Nick: There you go, there you go. So what other key points of advice or insight do you have for startup founders that are creating new products?
Madhavan: Yeah. I think test, test and learn, and test early. And I think go beyond just a product market fit, and try to achieve, you know, a product market pricing fit. I think that’s where the magic happens. I mean, if you go and ask someone do you need this product, they might still say, you know, they need it. Do you need it at $200, the whole conversation is different. So if you didn’t put pricing as part of your product market fit, you’re probably often hearing what you want to hear. So I think having that product market fit pricing or product market pricing fit kind of validation early and kind of keep doing it and iterate the product around this kind of information to maximize chances of success. I think that would be I think what I would probably tell entrepreneurs.
Nick: Yeah. I just had a founder, I talked to him yesterday, that did a, a really nice robust study on if people were interested, and, and would purchase this product. But he didn’t give them a price. And I was, I was kicking myself on the phone. I’m like I wish I would have told him to do that or I wish he would have, he would have
Nick: known. But he didn’t attach a price to, to the, the purchase intent question, right. Like,
Nick: how, how likely you would it be that you buy, and likely to buy, or definitely would buy.
Nick: And there was no price attached. So it’s, it’s kind of an empty analysis.
Madhavan: Absolutely. And this is actually possible even if you are, you know, kind of working even in a big company. I mean, we write about, for instance, #LinkedIn, where they actually sell beta versions, as in the sales person needs to go and sell beta versions to customers as pilot customers. And if people are not willing to put money then they don’t have skin in the game. And that also gives them a clue on whether there’s a traction for the product or not before they fully productize something.
Nick: Interesting. What about any words of advice or thoughts for people on the investment side that are assessing startups very early on while they’re in sort of the product development process?
Madhavan: Yeah. A piece of advice would be to really gauge whether there is a monetization and profit potential for startups. I think there’s probably an over emphasis sometimes on growth. And then, you know, the money would come later. 90% of companies that are landing and expanding are landing not really expanding. And they’re struggling with monetization and profitability. So I think keeping an eye on that, and really asking those questions to startups to see if they have done some kind of price validation around the products that they are actually developing, I think would be fundamental. Some of the ones that, you know, we work with, have put a lot of focus around this particular aspect. And even when they are making an investment would truly try to understand what is the pricing power for a startup before, you know, making an investment decision. And I think that’s an important part, sometimes overlooked, but I think needs to be done systematically.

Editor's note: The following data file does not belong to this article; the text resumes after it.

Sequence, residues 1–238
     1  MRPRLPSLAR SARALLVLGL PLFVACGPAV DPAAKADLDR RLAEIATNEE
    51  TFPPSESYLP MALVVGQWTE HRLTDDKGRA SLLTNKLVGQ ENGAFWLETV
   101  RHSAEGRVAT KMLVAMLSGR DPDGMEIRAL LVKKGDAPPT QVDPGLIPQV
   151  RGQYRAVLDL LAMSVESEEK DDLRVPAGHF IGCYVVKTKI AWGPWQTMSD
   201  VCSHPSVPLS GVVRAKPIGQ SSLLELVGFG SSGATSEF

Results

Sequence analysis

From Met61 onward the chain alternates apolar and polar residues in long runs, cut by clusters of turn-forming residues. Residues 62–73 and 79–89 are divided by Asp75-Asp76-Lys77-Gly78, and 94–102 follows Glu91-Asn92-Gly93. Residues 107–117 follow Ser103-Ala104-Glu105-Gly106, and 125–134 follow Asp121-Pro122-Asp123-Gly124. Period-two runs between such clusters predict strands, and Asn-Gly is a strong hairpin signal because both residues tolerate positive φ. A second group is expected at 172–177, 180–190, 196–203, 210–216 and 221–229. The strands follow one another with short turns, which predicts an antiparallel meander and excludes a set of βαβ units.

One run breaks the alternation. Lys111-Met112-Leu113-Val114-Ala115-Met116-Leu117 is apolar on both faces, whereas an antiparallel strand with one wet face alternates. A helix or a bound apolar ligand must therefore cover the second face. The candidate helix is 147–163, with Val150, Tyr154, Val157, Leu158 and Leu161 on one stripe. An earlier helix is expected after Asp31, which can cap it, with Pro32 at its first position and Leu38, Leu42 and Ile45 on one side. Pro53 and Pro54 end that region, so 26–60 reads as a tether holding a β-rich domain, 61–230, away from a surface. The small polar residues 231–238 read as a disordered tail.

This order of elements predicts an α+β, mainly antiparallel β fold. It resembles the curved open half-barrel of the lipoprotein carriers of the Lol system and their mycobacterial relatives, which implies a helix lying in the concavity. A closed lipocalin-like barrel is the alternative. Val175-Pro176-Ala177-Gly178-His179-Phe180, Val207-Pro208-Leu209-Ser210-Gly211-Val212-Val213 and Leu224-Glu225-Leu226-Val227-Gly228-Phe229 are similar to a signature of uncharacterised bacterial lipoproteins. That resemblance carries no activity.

Nick: Yeah. #Tom Tunguz was on the program, and
Nick: his comments were very similar. He said, you know, if you’re really building something of value, why can’t you charge for it from day one?
Madhavan: Yeah, yeah.
Nick: #Madhavan, just to wrap up here, what topic and/or guest should we have here on the program, and what would you like to hear them cover?
Madhavan: Yeah I think it would, I think good to follow up with a story from an entrepreneur or a, you know, CEO of a startup who probably made some, you know, had the right focus on having conversations with their customers around willingness to pay and pricing earlier. And sort of how they built the product around that kind of information. I think that might be fascinating. Just kind of hearing the whole entrepreneurs side of the whole journey. I think that might be a good feature.
Nick: Great. And, #Madhavan, what is the best way for listeners to connect with you?
Madhavan: Yeah. I think the best way to connect with me is on #LinkedIn. If you can manage to spell my name, you should easily be able, you can easily find me if you google for words monetizing innovation or #Simon-Kucher, and then there’s a way to contact me through the #Simon-Kucher, you know, website. And you can also follow me on Twitter, madhavansf, that’s madhavansf for San Fransisco.
Nick: Awesome. Well, it’s been a big thrill getting a chance to connect with you and look forward to reading the book and connecting when I’m out in SF.
Madhavan: Thanks so much #Nick, it was a pleasure.